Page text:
Then he lay down on the kitchen floor and cried until the tears dried up and he was empty. The world was empty again. I believe. There is a place where happiness exists. A place, and a time.
It was as I lay on the cellar floor, feeling the blood on my back become sticky and cold, that the angel first spoke to me. She filled the air with the scent of metal and surrounded me with a circle of blue flame, and I was frightened.
“Don’t be afraid,” she told me. “I have come to speak to you, and through you. At the command of the god-machine you shall hear my words and know them to be true.” Her voice was like the notes of a flute and their vibrations calmed my fear. And that was how I learned the secret history of the world.
Hermetic Library Fellow T Polyphilus reviews Sixties Shockers: A Critical Filmography of Horror Cinema, 1960-1969 [Amazon, Bookshop, Publisher, Local Library] by Mark Clark and Bryan Senn, foreword by Robert Tinnell.
Designed primarily as a reference book, Sixties Shockers is a comprehensive overview of a wide swath of horror cinema from the 1960s. It is organized into three principal sections. The first is “The Decade,” a chronological set of essays regarding the major cultural trends, social circumstances, and cinematic contributors of the period. It’s a good read, and it emphasizes the positives: innovations and transformations in the movies, along with their contexts and sources. The second section is “The Movies,” organized alphabetically by film title. Each entry includes basic filmographic data, a little clip of promotional prose (often hilarious), and a substantial review, usually with insider anecdotes about the production of the movie. The final section is “More Movies,” supplementing the second section with entries for genre-borderline movies, and movies produced in the 60s, but not shown (in the US, anyway) until later. For ease of use, I would have preferred that the third section have been folded in to the second. It is in a smaller font — presumably to indicate its lesser importance as well as to fit in the surplus material — and that font could have been kept as an editorial convention for the “More” entries, even if they were all alphabetized with the main set.
The review elements are opinionated, but even-handed, dishing out praise and condemnation with equal facility. Despite their obvious enthusiasm for the genre, the authors are actually a bit harder on the individual films than I would be. For example, they pan one of my favorites: The Dunwich Horror (1969). That makes their enthusiastic reviews that much more intriguing, though.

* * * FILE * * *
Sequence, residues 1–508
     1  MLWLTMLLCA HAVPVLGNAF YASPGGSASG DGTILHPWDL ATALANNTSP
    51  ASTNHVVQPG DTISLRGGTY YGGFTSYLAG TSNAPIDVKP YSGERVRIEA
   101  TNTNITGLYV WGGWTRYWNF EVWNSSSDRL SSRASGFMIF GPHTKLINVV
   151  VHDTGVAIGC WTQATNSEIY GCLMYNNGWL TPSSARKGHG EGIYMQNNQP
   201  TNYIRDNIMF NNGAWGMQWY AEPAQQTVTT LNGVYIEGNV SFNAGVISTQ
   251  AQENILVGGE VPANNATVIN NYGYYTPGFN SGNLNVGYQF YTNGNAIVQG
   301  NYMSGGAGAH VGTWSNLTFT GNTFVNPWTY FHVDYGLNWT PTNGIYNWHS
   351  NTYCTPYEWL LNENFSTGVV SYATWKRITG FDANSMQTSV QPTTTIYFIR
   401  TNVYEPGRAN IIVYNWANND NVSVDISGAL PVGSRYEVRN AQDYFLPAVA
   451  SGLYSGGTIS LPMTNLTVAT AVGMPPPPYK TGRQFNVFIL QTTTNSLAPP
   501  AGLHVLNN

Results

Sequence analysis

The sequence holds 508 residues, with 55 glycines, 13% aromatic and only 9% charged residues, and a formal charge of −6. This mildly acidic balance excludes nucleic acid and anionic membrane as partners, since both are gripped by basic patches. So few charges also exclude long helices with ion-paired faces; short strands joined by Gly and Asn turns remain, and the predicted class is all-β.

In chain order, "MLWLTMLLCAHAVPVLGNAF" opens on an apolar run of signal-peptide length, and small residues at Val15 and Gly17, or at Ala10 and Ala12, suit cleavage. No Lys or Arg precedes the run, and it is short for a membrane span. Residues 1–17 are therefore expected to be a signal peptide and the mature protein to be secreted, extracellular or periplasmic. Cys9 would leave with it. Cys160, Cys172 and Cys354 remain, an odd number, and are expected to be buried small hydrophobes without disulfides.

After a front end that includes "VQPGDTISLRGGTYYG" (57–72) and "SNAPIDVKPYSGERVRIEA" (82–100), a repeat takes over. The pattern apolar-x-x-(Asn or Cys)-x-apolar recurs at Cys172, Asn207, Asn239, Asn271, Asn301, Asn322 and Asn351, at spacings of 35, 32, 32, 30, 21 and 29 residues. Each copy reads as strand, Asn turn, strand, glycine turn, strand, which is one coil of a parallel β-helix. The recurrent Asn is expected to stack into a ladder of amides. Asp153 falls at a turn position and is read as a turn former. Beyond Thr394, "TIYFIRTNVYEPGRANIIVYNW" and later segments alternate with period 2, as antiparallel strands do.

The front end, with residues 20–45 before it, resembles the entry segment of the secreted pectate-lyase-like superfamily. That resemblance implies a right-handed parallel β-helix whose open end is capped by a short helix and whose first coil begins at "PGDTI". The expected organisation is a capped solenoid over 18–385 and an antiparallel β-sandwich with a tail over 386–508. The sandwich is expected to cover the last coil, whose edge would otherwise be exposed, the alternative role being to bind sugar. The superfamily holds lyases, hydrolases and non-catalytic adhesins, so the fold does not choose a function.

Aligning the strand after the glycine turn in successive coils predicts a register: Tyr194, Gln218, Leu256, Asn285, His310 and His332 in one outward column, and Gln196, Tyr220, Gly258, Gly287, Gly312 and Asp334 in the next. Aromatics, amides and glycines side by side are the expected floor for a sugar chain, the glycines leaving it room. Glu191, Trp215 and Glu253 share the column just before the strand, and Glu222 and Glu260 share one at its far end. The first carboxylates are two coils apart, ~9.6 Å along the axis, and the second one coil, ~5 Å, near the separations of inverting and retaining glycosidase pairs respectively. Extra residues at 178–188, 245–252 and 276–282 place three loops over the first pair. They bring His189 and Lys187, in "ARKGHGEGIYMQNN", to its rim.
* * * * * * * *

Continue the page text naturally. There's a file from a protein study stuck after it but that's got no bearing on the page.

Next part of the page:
Much of the movie-specific information in the first section is repeated in the entries for the relevant movies, which is probably for the best. A reader using the book as a specialized encyclopedia can be sure that all of its data on a particular movie are collected under its heading. The genre is rife with variant titles, and these are often given as cross-references at the heading level. The material production of the book is admirable: it’s large and solid, with abundant black-and-white illustrations reproducing stills from the movies as well as posters and other promotional literature. It’s not typo-free, but the text quality is reasonably high. The appended index is very useful for referencing particular producers, directors, and performers.
Religion, like nations and individuals, passes through the regular gradation, first of infancy, when religious ideas and thoughts are crude in the extreme; the age of Puritanism, when innocent women and children are burned at the stake for witchcraft, when with gloomy faces and in unsightly dress the poor fanatics sacrificed every pleasure on the altar of duty; the time when Sunday was a day of horror to children from its gloom, a day when every innocent amusement was forbidden. After religion’s infancy comes youth. At that stage, the absurd dress and gloomy faces were not considered essential adjuncts to religion, but free discussion was not allowed upon religious subjects. Everything must be taken for granted, without any investigation on the part of the people. After youth comes manhood, the time when reason has full sway, when superstition and credulities form no part of religious teaching and thought. People are able to think, to reason for themselves. After the age of manhood, comes old age and that is the stage of agnosticism. Questions are being asked, and ideas propounded which must not be overlooked nor treated with contempt. All questions asked in a fair spirit, must be answered in a fair manner. It is not sufficient to say, “it is so”, but good and tangible reasons must be given to prove the truth of an assertion. We are now in the stage of “old age.” Agnosticism and Infidelity are wide spread. After old age comes decay and the decline of the absolutely orthodox. From time immemorial, every religion has passed through the same gradation, of infancy, youth, old age and decay finally comes philosophy.